In today’s fast-moving working environment, adaptability is a sought-after skill, but you might not be as adaptable as you think. Here’s how to identify whether you truly are adaptable and how to improve your performance in that area.
Adaptability is an attractive quality. We all like to think of ourselves as being flexible and adaptable, a team player, ‘going with the flow’. It means that we are not rigid or stuck and so are open to change and challenge.
If you were to ask most people if they consider themselves to be open and adaptable, they would say ‘yes’. If you truly are adaptable then you are more likely to handle change with grace and ease, and not be thrown by the unexpected and be a lot happier. Yet most of us are actually a lot more resistant to change than we might believe.
Adaptability is more than being flexible – it is about being open to things, even outside our comfort zone, and not making pre-conceived judgments such as ‘I could never do that’ or ‘that will be too hard for me’. It's about resilience and emotional intelligence.
We cannot afford to think we know everything either. Something new will come along and blow that out of the water, whether it is a new technology, a new process or a new plan.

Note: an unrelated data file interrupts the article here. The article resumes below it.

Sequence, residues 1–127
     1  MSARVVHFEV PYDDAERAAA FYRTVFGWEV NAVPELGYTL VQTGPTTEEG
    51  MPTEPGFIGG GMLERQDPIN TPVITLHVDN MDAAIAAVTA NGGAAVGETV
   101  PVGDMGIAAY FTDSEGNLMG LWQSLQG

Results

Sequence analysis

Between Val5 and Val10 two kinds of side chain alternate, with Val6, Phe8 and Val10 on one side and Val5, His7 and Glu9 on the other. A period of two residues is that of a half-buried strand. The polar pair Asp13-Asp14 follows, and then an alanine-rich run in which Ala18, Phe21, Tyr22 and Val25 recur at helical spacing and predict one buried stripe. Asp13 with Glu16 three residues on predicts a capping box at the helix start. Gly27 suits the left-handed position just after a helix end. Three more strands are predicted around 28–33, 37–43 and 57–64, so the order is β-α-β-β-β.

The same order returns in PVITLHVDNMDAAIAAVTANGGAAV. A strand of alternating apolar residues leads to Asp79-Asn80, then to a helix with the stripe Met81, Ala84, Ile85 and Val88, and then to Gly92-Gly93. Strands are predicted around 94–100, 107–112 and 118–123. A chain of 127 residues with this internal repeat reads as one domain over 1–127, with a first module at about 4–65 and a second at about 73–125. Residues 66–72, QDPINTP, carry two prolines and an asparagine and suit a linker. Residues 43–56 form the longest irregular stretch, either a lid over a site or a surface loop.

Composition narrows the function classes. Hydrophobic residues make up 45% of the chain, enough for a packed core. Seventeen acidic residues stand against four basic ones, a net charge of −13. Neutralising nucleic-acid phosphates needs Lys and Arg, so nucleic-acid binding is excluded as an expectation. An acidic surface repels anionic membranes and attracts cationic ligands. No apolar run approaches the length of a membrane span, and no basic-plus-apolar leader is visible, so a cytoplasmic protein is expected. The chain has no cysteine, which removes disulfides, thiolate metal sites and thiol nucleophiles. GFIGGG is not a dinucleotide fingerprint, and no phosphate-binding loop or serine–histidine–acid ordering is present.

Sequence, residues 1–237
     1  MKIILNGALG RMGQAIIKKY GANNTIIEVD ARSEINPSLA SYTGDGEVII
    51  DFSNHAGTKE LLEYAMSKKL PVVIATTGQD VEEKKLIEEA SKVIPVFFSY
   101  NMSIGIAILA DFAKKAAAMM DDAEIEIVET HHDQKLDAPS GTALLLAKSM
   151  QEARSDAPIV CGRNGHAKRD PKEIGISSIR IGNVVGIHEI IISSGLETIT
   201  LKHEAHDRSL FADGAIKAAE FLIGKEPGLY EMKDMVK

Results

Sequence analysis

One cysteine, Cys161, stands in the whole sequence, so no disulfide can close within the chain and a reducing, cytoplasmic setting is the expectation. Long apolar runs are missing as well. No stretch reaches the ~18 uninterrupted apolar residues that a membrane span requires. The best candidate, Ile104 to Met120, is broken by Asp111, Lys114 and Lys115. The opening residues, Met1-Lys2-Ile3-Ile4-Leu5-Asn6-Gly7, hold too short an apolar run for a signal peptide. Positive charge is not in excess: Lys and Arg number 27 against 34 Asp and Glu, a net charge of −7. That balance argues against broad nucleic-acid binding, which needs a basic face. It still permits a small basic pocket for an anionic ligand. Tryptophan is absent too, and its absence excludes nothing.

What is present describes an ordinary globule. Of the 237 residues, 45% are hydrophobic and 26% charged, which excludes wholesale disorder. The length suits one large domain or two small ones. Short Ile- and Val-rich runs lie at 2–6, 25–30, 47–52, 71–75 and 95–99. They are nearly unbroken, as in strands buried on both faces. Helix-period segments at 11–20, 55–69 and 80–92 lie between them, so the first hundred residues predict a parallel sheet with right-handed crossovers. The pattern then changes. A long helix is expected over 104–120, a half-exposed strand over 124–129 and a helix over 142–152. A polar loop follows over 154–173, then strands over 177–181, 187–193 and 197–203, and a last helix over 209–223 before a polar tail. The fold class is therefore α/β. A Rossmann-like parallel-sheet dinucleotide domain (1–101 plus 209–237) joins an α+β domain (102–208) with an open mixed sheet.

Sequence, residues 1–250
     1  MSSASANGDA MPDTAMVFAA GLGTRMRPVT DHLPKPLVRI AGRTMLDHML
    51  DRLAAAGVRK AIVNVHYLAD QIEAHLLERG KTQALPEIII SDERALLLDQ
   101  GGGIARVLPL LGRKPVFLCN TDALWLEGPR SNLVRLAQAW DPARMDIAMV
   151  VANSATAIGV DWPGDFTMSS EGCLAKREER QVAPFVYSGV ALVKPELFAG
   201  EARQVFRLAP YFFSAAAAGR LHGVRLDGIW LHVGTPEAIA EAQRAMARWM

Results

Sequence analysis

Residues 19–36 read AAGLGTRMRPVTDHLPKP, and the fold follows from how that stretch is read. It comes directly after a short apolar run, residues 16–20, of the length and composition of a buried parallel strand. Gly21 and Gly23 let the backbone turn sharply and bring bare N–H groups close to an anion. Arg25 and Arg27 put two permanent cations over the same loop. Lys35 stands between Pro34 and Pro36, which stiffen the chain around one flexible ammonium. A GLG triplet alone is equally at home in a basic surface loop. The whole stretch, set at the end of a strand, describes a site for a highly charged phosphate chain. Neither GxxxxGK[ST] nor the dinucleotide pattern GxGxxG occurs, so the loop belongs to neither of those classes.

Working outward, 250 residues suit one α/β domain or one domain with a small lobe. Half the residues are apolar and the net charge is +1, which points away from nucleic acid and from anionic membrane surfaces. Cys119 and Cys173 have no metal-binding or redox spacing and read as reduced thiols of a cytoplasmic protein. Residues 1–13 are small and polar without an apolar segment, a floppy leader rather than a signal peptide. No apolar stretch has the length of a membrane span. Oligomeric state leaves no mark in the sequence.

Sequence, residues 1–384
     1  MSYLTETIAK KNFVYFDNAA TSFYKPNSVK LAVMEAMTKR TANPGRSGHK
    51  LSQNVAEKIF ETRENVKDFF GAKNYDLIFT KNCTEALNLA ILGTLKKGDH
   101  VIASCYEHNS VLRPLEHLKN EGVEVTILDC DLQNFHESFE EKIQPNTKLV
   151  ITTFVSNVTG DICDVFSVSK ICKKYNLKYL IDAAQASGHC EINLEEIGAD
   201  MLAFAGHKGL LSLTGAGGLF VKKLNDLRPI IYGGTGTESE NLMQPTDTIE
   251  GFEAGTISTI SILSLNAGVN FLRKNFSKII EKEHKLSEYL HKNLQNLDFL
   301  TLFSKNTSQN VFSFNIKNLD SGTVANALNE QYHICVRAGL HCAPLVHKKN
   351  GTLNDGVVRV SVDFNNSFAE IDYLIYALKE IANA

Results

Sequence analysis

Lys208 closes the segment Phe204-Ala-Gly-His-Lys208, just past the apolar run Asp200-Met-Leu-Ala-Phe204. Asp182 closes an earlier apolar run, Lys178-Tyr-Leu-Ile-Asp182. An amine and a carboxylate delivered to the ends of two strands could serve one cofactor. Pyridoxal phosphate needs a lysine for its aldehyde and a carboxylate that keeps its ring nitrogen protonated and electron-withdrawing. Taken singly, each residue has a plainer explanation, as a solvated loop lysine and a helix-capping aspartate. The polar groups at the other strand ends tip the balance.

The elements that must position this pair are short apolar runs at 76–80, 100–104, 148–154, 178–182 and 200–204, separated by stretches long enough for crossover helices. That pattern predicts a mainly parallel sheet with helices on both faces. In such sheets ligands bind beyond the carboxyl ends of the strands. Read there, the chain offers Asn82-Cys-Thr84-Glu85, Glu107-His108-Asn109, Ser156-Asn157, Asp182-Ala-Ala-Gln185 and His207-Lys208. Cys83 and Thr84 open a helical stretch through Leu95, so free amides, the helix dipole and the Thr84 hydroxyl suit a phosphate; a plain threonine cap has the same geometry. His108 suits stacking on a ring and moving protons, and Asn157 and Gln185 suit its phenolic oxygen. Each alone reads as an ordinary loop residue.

Leaving your comfort zone
Adaptability is about continually developing more of what we are truly capable of and living up to our potential. This is critical for our skills now and in the future. Unfortunately, it also something we may well talk ourselves out of more than we think we do.
Change is difficult because we want to stay inside our comfort zone and will resist anything that requires us to step out of it. Therefore, a conscious effort is needed to do this for those of us less open to change, and even for those of us who are.
The best way to develop adaptability, or any behavourial change for that matter, is by practicing it in everyday ‘low stake’ situations.
Our comfort zones are basically as small or as big as we make them. We make them bigger by engaging in more activities, tasks, thoughts and experiences that lie outside of our comfort zone. The bigger our comfort zone, the more adaptable we will be.
The comfort zone is where everything is easy and nothing risky ever happens. Equally, nothing great or exciting happens there either.
Just outside your comfort zone is the ‘stretch zone’, where learning and growth happen. This is the place that can feel a little uncomfortable because you might be stretching yourself in new and different ways, but you’re still able to manage. It’s not easy but not impossibly hard either.
However, if you go too far in this direction you’ll reach the panic zone, which is not a good place to be, as the name might suggest. Learning and growth can’t happen here because we are so far out of the comfort zone that we find ourselves in ‘fight or flight’ mode.
The stretch zone is the best place to be. One of the most effective ways to increase your ability to be adaptable is to ensure you are spending plenty of time there.
Stretch yourself in small ways
I believe that the best way to develop adaptability, or any behavourial change for that matter, is by practicing it in everyday ‘low stake’ situations.